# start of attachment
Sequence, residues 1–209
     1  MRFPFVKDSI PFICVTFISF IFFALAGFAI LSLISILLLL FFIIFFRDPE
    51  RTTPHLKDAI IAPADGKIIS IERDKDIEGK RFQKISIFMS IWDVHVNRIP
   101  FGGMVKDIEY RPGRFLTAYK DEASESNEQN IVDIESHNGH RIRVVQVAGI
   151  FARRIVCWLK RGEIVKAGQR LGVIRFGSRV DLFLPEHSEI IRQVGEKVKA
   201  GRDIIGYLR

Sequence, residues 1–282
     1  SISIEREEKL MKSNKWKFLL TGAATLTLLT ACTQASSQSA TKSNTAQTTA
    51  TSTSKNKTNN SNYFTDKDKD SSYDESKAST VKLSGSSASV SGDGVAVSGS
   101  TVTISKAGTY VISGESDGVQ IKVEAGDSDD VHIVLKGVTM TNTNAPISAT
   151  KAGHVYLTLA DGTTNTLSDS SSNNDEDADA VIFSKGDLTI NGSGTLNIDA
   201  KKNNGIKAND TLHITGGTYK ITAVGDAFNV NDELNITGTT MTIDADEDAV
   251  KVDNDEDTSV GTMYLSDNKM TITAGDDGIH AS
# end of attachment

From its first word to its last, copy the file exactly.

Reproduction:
Sequence, residues 1–209
     1  MRFPFVKDSI PFICVTFISF IFFALAGFAI LSLISILLLL FFIIFFRDPE
    51  RTTPHLKDAI IAPADGKIIS IERDKDIEGK RFQKISIFMS IWDVHVNRIP
   101  FGGMVKDIEY RPGRFLTAYK DEASESNEQN IVDIESHNGH RIRVVQVAGI
   151  FARRIVCWLK RGEIVKAGQR LGVIRFGSRV DLFLPEHSEI IRQVGEKVKA
   201  GRDIIGYLR

Sequence, residues 1–282
     1  SISIEREEKL MKSNKWKFLL TGAATLTLLT ACTQASSQSA TKSNTAQTTA
    51  TSTSKNKTNN SNYFTDKDKD SSYDESKAST VKLSGSSASV SGDGVAVSGS
   101  TVTISKAGTY VISGESDGVQ IKVEAGDSDD VHIVLKGVTM TNTNAPISAT
   151  KAGHVYLTLA DGTTNTLSDS SSNNDEDADA VIFSKGDLTI NGSGTLNIDA
   201  KKNNGIKAND TLHITGGTYK ITAVGDAFNV NDELNITGTT MTIDADEDAV
   251  KVDNDEDTSV GTMYLSDNKM TITAGDDGIH AS